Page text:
Q. Speaking of ups and downs, QB Jalen Hurts has gone through that. One game you called the best you ever seen in practice, and other ones where the completion percentages have dipped. With the ability to step back, what do you see when it’s going well and what do you seen when it’s not, and what does he need to do to get that consistency? (Tim McManus)

NICK SIRIANNI: When it’s going well, I feel like, again, he’s taking his drop on rhythm, he is being able to it sit in the pocket and able to throw it on time. If something breaks down, he scrambles and gets out of it and makes a play.

I feel like when it’s not going well is when he’s quick to escape. That’s something that, again, we’ve talked about here. That’s something you’re always going to have to — you don’t want to take his super power away of escaping and making plays on the run, but we just do want to make sure we’re more — we lessen the gap of off-schedule plays and drop-back plays.

That’s really what I felt. When he’s playing well, he’s throwing on rhythm and then secondary going and getting out of pocket. When we feel like we want the play back or something, we feel like he might have left a little bit early and got into something he was comfortable with with the escape and his escapability.

Q. How do you get that to change? (Dave Zangaro)

NICK SIRIANNI: You got to do it with making him feel comfortable with the plays that you’re calling and what you’re doing. So, we’re talking about the drop-back pass game, the play action game, the screen game. We just got to do things, and that’s your evaluation after six weeks. What are we doing well, not doing well?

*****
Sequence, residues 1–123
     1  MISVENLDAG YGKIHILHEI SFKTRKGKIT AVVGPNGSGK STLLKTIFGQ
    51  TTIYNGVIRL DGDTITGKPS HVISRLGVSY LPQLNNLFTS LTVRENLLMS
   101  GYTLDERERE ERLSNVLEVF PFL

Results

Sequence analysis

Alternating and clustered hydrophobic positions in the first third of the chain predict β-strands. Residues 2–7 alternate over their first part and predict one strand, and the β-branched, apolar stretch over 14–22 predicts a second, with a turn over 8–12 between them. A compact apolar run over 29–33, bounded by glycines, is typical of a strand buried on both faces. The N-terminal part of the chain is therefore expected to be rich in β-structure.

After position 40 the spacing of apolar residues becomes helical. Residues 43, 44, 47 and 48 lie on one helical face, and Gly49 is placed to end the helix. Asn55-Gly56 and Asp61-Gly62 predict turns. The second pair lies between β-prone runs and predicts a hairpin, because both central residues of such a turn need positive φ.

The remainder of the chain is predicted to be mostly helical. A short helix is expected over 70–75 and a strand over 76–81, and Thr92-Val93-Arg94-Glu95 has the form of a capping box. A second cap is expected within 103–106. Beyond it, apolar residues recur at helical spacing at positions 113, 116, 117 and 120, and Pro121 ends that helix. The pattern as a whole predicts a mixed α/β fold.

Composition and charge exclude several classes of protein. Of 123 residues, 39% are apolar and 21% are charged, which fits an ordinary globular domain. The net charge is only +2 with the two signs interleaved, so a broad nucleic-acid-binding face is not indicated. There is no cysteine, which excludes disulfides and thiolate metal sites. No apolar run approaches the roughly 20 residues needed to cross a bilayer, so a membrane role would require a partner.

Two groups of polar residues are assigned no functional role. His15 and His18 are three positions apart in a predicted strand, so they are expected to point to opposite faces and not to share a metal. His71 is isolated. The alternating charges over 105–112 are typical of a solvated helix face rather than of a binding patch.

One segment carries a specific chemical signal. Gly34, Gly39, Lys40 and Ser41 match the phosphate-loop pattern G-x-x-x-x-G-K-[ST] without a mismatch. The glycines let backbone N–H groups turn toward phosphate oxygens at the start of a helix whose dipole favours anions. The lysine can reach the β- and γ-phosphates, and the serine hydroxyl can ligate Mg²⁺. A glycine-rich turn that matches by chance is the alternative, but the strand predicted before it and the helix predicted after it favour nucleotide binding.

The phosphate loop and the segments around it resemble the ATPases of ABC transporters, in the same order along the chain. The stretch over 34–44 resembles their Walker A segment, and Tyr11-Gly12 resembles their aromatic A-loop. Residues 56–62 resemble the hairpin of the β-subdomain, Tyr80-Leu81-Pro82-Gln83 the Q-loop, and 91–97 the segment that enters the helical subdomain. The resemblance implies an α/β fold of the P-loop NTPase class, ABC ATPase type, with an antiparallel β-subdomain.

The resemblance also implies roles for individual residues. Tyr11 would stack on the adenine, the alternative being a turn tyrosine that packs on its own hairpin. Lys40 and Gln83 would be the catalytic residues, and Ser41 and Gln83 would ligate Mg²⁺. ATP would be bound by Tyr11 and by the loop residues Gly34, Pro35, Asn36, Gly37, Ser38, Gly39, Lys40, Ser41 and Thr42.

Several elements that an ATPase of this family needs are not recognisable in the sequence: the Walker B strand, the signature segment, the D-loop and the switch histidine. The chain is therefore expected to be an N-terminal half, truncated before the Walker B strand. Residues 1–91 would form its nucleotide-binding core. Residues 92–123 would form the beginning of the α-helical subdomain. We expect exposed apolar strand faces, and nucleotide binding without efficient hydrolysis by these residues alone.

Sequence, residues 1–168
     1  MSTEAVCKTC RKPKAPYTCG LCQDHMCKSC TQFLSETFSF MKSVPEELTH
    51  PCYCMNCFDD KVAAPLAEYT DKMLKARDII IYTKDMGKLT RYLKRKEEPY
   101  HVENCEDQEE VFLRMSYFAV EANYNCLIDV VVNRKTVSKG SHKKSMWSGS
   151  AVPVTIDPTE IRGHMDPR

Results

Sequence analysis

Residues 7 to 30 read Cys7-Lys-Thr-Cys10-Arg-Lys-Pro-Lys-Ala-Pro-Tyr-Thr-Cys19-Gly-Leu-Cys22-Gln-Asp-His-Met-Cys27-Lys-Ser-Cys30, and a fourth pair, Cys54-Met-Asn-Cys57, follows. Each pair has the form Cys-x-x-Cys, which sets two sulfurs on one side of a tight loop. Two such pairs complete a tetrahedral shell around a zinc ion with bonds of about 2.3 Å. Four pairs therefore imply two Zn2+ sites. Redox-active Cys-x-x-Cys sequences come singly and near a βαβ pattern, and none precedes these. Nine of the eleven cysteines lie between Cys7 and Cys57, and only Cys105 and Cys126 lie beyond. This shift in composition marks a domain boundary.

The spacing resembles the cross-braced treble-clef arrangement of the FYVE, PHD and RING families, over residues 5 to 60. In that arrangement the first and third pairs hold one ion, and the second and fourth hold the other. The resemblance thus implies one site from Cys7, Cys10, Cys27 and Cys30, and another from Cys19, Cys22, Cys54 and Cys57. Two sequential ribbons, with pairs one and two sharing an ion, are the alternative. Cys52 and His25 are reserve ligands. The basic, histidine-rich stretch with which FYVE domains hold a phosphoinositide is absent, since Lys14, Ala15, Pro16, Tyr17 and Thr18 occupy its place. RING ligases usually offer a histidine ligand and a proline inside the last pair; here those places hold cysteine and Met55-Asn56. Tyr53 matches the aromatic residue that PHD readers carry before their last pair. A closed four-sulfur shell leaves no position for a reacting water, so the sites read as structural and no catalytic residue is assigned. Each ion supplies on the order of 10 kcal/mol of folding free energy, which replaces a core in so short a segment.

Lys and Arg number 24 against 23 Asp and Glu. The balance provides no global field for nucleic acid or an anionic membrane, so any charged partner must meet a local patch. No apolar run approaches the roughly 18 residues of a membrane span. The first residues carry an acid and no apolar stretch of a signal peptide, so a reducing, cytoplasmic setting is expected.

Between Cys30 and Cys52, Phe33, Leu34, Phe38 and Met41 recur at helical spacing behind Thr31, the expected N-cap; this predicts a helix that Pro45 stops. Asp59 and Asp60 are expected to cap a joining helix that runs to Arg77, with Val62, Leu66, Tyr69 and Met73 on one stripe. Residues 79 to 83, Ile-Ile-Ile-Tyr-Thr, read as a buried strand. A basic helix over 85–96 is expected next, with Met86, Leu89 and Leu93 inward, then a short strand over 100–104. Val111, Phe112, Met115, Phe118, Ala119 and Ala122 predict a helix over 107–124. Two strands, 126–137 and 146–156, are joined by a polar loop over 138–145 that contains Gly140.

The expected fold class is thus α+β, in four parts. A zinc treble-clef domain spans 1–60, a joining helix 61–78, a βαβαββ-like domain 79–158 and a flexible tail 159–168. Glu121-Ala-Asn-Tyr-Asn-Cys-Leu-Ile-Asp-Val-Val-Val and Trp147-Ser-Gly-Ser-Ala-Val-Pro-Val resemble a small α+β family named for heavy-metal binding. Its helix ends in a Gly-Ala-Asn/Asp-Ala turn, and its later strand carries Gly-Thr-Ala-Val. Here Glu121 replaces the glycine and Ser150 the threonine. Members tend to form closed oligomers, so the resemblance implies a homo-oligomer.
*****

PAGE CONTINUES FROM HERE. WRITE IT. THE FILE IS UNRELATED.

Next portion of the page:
Because when he’s feeling comfortable with that — so at first, I’m putting it on me. It comes down to play calling, putting him in positions where he feels comfortable with the play to read it out versus different looks he’s going to get.

Naturally we’re seeing some unscouted looks because we’re slightly different than other teams with the way Jalen plays.

Q. How patient do you think everyone has to be with this football team? Obviously, there’s been a lot of criticism the last couple weeks with the way things have gone, but you have a young quarterback, you are a rookie head coach, you have a young coaching staff. (Jeff Skversky)

NICK SIRIANNI: I understand the impatience. We all want to win right now, and when you’re not winning you’re going to get impatient. Again, like I said, I can’t let myself ride the highs and lows. If I do, the rest of the team will ride the highs and the lows.

I have to stay steady and stick to what I know. In times of adversity, I always thought that you double down on what you know is true, right?

What I know is true is that if you continue to get better every single day, it will put you in position to go 1-0 each week. I’m doubling down on things I know will help us get better every day, and that’s where my focus is, and I don’t ride the waves of the season because I know it can get bumpy if you do.

Q. What’s one scenario that you saw this weekend that would change the way you operate? (Zach Berman)

NICK SIRIANNI: That Jacksonville one — I don’t want to give away — maybe I can tell you guys off the record on the side. That Jacksonville one was interesting. It spurred a lot of thought on both the offensive and defensive sides. That wasn’t one where I was just texting [Eagles offensive coordinator] Shane [Steichen] and [Eagles quarterbacks coach] Brian [Johnson] and [Eagles passing game coordinator] Kevin [Patullo] and the offensive coaches. I was texting [Eagles defensive coordinator Jonathan] Gannon and the defensive coaches, too.

It was like early on. It was a Sunday morning game. But that is the one that really spurred the most thought. Then there are some things that happened in college games, just a couple mistakes here and there we always talk through. But that’s the main one.